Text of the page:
Advances in High Energy Physics

Volume 2013, Article ID 967805, 5 pages

http://dx.doi.org/10.1155/2013/967805

## Closing a Window for Massive Photons

^{1}Departamento de Ciencias, Facultad de Artes Liberales, Facultad de Ingeniería y Ciencias, Universidad Adolfo Ibáñez, Santiago, Chile^{2}Departamento de Física, Facultad de Ciencias, Universidad de Chile, Santiago, Chile^{3}Centro de Recursos Educativos Avanzados (CREA), Santiago, Chile^{4}Instituto de Física, Pontificia Universidad Católica de Chile, Avenida Vicuña Mackenna 4860, 7820436 Santiago, Chile

Received 23 August 2013; Accepted 17 November 2013

Academic Editor: Douglas Singleton

Copyright © 2013 Sergio A. Hojman and Benjamin Koch. This is an open access article distributed under the Creative Commons Attribution License, which permits unrestricted use, distribution, and reproduction in any medium, provided the original work is properly cited.

#### Abstract

Working with the assumption of nonzero photon mass and a trajectory that is described by the nongeodesic world line of a spinning top we find, by deriving new astrophysical bounds, that this assumption is in contradiction with current experimental results. This yields the conclusion that such photons have to be exactly massless.

#### 1. Introduction

Although there are good theoretical reasons to believe that the photon mass should be exactly zero, there is no experimental proof of this belief. A long series of very different experiments lead to the current experimental upper bound on the photon mass . However, even with further improvement of the experimental technology and precision a complete exclusion of a nonzero photon mass by those techniques will never be possible. In order to improve on this situation we will work with the assumption that the photon mass is different from zero . We will not speculate on the origin of this mass and its underlying theory. In the simplest case, such a photon will be described by a wave equation of the Proca type. For waves describing massless particles with spin, it is well understood, in the eikonal approximation, how the propagating wave can be treated as geometric path that minimizes a Lagrangian described by the length where . As soon as mass and rotational degrees of freedom (,) are involved, it is natural to assume that, in the eikonal approximation, the resulting geometric action also involves the invariant functions of the corresponding additional degrees of freedom: This generic approach to the geometric action which includes spin and mass was developed and discussed in the context of a spinning top, a point on a world line to which a rotating frame has been attached [1–10]. The resulting equations of motion do not depend on the particular form in which the Lagrangian terms (1, 2) are combined. This formulation and the corresponding equations of motion can also be derived as consistent eikonal limit as quantum field theory in curved space-time. This has been shown independently for spin one half [11, 12], for spin one [13, 14], and for spin three half [15, 16].

Exact solutions to those equations coupled to gravity via the metric show that spinning tops without mass follow geodesics, while massive spinning tops have different trajectories. Further implications and discussions of the spinning top approach can be found in [17–22].

#### 2. Astrophysical Bound

As master equation for the trajectory of massive particles with spin we use the solution of the spinning top equations in a Schwarzschild background [5, 6, 9, 10]: where one has to insert the following definitions: where is the photon spin. For a given angular momentum , the momenta are The orientation of this problem is chosen such that the angle is constant along the trajectories, which implies that The solution is such that and are fulfilled.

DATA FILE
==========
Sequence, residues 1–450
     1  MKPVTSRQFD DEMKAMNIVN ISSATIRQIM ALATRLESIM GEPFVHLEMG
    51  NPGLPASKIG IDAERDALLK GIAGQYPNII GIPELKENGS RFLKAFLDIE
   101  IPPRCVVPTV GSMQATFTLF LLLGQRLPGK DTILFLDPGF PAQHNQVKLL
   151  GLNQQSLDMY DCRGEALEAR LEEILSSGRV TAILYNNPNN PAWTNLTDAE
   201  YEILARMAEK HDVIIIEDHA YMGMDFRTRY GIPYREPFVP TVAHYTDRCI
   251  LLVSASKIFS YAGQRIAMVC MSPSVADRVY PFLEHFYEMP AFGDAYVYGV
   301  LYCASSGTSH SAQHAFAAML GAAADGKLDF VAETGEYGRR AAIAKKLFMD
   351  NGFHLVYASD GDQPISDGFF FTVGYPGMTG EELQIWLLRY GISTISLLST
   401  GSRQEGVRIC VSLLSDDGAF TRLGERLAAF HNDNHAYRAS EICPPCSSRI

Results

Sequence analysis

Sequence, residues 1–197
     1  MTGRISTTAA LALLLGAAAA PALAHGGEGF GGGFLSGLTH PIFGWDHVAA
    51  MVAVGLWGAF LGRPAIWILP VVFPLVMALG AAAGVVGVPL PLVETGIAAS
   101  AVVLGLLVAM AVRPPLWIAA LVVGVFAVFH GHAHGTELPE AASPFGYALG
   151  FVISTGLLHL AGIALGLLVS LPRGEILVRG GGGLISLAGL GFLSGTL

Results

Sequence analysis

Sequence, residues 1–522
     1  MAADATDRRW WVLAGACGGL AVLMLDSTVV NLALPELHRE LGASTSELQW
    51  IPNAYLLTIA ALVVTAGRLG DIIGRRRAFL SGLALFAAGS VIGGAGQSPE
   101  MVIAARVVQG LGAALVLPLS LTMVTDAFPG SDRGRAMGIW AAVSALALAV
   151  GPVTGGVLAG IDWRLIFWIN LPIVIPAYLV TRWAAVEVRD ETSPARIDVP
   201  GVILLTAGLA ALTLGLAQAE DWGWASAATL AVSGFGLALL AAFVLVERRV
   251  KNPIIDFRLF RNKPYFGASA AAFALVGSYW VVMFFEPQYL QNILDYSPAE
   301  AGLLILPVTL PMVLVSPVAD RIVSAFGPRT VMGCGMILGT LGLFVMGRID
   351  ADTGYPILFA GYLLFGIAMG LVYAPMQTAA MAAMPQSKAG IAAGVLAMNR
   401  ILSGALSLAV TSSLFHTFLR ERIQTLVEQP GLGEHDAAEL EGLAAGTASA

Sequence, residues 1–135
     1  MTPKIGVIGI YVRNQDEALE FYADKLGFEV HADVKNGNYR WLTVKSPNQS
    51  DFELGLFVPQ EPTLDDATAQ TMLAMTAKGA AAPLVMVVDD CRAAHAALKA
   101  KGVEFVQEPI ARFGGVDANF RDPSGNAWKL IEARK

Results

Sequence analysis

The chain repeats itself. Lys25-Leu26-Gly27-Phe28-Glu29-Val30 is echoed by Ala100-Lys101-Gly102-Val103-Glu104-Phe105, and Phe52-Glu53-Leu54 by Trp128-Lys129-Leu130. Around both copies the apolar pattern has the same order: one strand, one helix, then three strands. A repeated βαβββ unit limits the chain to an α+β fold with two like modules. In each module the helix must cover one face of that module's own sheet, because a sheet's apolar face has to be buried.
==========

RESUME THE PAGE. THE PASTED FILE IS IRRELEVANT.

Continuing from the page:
For small spin corrections and large radii one can approximate In this equation one can easily verify that for spinless case (), the geodesic trajectory is recovered. One can express the angular momentum in terms of the minimal radial distance : Due to the steep behavior of at the minimal radius one has to use (8), since one cannot rely a priori on the approximate value .

Due to the involved form of (8), the complete angular deviation has to be computed essentially numerically, as it was done here. In order to gain a better intuition of the numerical results one can however do approximations and expansions for small , , and as follows: where and were used. One observes that the standard result is modified by a spin-dependent correction. In order to be in agreement with the experimentally well confirmed gravitational lensing effect, this dimensionless modification has to be much smaller than one: This modification is inversely proportional to the photon mass . This inverse proportionality implies that practically no deviations from the usual trajectories are observable for massive standard model particles. Please note that this nonperturbative feature in is also known from theories of massive gravity where the limit does not give standard gravity where the graviton was massless right from the start . Further similarities to massive gravity have been recently discussed in [23]. It is further interesting to note that actually increases the usual angular deflection. However, a deviation from the geodesic bending of light has been excluded to high precision [24]. Thus, relation (10) can be interpreted as an estimate for the numerical lower photon mass limit: In Figure 1 we compare this estimate to the observed value [25, 26] and to the precise numerical results by using the solar radius m, the solar Schwarzschild radius m, and photon energy of eV.